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UW-Green Bay considers discontinuing programs, citing student demand and budget constraints

Possible cuts come as Green Bay says it's the the fastest growing university in Wisconsin

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UW-Green Bay administration offices
The University of Wisconsin-Green Bay says it is the fastest growing university in the state. But the college is considering discontinuing some programs. Joe Schulz/WPR

The University of Wisconsin-Green Bay is considering discontinuing some programs, citing shifting student demands and budget constraints.

It’s the latest in a series of budget cutting moves by state colleges, and comes as the school said it’s the fastest-growing university in the state.

In a letter to faculty and staff Tuesday, UW-Green Bay Provost and Vice Chancellor of Academic Affairs Kate Burns said the school is considering discontinuing majors in economics, environmental policy and planning and theater and dance, as well as minors in international environmental studies, geography and physics.

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She wrote that if economics and theater and dance majors are eliminated, minors in those subjects would remain.

Data provided by UW-Green Bay shows the three majors each have enrollment below 40 students. The minors each have less than 10 students. The university has 10,338 total students.

Burns told Wisconsin Public Radio that program enrollment numbers can fluctuate as students either enroll in or out of majors and minors.

She said the college has not made a final decision on the programs. But she said courses in the subjects would continue to be offered even if the majors and minors are discontinued.

“We would continue to offer coursework in those areas,” she said. “Economics is core to our business curriculum. It’s in our general education requirements. It would be a matter of then what courses are you going to offer as part of that versus having a major or minor.”

She said the university is responding to demand from both students and the local workforce, as well as budget constraints.

“With limited resources, I think it’s always important to assess what’s going well and what you need to tweak,” Burns said. “We are engaged in that process across the university of determining where we can best use our limited resources.”

She also said UW-Green Bay is required to ensure that students already enrolled in programs are able to finish their major or minor.

But Max Kasal, a sophomore at UW-Green Bay, said he worries discontinuing majors and minors would limit students’ options.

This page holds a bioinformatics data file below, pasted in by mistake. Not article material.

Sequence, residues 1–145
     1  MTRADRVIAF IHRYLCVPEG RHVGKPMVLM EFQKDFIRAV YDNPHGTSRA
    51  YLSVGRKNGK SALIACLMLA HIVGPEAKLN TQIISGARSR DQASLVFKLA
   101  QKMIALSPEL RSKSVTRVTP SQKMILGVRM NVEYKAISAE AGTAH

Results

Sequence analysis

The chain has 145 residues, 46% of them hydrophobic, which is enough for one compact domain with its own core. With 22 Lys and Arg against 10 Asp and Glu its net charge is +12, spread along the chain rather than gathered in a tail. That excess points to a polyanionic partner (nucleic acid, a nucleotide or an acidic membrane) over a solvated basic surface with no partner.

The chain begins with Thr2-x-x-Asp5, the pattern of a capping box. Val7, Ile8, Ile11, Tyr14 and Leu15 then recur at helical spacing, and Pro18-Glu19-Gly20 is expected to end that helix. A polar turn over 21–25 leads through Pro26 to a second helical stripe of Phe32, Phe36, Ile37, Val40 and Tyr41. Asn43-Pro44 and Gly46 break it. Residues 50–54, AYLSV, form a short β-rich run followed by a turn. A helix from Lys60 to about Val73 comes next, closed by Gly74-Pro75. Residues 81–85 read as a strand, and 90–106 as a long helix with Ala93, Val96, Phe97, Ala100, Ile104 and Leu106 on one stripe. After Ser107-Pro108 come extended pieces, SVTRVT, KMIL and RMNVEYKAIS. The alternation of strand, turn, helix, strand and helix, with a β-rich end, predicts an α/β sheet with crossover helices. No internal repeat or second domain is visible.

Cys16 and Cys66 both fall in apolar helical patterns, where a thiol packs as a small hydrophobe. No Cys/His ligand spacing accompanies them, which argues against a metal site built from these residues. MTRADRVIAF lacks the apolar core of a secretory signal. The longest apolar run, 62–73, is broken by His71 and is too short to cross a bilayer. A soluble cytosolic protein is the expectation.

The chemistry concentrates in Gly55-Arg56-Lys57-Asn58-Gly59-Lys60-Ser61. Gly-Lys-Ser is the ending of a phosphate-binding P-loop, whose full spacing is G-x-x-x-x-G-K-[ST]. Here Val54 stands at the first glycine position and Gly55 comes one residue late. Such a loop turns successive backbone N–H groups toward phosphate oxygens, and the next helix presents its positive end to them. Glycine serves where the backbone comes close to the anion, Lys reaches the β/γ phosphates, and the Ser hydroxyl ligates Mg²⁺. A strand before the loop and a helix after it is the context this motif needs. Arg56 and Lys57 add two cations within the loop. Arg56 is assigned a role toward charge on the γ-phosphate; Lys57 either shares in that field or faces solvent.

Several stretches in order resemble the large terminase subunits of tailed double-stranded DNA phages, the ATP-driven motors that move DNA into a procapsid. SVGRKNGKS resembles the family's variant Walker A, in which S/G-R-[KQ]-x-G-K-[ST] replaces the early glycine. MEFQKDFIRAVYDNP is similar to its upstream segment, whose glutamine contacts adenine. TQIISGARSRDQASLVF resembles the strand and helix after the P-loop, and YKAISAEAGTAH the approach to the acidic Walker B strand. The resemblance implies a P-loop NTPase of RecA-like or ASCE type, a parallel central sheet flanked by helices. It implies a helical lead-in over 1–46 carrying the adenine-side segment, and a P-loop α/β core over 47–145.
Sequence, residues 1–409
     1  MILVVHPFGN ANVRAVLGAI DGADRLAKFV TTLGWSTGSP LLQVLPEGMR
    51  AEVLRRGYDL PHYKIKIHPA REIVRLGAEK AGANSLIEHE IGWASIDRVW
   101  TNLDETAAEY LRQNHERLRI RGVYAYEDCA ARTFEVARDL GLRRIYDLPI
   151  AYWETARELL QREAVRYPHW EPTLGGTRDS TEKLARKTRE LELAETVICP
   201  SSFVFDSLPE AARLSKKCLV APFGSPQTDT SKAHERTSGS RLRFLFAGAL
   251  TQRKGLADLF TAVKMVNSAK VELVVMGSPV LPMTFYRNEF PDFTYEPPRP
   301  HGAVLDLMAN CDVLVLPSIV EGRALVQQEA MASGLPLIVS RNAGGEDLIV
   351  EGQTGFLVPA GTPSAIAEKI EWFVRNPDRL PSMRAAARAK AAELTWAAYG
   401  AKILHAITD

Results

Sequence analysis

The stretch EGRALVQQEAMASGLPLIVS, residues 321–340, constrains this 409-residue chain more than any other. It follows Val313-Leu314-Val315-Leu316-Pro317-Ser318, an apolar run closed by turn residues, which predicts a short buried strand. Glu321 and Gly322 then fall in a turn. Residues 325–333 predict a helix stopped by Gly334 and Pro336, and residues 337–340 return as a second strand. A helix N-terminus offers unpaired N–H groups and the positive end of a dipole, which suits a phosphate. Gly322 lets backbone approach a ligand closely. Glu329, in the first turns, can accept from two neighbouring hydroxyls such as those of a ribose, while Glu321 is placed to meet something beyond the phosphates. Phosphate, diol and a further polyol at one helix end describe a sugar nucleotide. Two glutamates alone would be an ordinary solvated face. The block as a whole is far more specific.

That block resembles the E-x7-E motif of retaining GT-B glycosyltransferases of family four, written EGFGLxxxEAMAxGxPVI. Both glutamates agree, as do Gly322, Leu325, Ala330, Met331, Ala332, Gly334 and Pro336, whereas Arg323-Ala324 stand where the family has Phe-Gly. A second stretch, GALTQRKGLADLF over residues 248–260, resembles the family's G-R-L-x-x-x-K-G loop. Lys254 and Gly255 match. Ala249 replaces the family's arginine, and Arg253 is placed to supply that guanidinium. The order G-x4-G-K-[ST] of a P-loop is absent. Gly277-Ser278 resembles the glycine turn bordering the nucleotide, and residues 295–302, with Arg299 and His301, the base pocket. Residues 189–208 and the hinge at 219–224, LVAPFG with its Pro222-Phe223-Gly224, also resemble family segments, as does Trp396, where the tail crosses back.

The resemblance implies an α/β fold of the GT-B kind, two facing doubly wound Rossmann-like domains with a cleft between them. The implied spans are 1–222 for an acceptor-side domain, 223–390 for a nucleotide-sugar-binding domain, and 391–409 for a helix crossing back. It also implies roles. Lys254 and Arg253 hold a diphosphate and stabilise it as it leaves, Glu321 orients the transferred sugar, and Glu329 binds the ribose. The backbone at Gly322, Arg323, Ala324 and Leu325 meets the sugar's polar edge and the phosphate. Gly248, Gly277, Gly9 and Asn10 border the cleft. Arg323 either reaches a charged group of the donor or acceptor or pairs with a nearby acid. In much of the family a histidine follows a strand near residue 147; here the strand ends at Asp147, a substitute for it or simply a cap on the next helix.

“If you think you have an interest in econ, and you go take a couple of economics classes, and you realize, ‘OK, cool, this is what I want to do for my career,’ then you’re kind of in an interesting situation, because you can’t major in economics here,” he said.

On Wednesday, the university announced its enrollment increased by 7.6 percent from 2022, making it the third-largest regional comprehensive university in the Universities of Wisconsin.

Burns said UW-Green Bay’s “ability to think differently about education” to meet regional and workforce demands has been the difference in allowing the school to grow.

“We really see our role as providing access to higher education within the region, whatever form that may take, and we really believe that’s resonating with folks and that’s why we’re seeing these increased numbers,” she said.

But UW-Green Bay freshman Sam Morris said he thinks discontinuing programs could have a negative effect on the enrollment.

“If you’re cutting programs, you’re going to have less people who are going to come, especially if they want to do a set of courses,” he said.

Despite UW-Green Bay’s enrollment gains, the university hasn’t been immune to financial hardships facing state colleges. Ten of the 13 Universities of Wisconsin campuses projected budget deficits this year — including Green Bay.

Last month, the college announced it would lay off nine staff members and furlough others to address an ongoing structural deficit, according to the Green Bay Press-Gazette.

Meanwhile, UW-Oshkosh is cutting 216 staff positions and UW-Plattville is eliminating 111 positions, both campuses eliminating jobs through a combination of layoffs and early retirement incentives.

The state college system also announced that two-year campuses in Washington County and Fond du Lac will no longer offer classes beginning in June, 2024. The system also said Platteville’s two-year campus in Richland would officially close after it has been without students since May.

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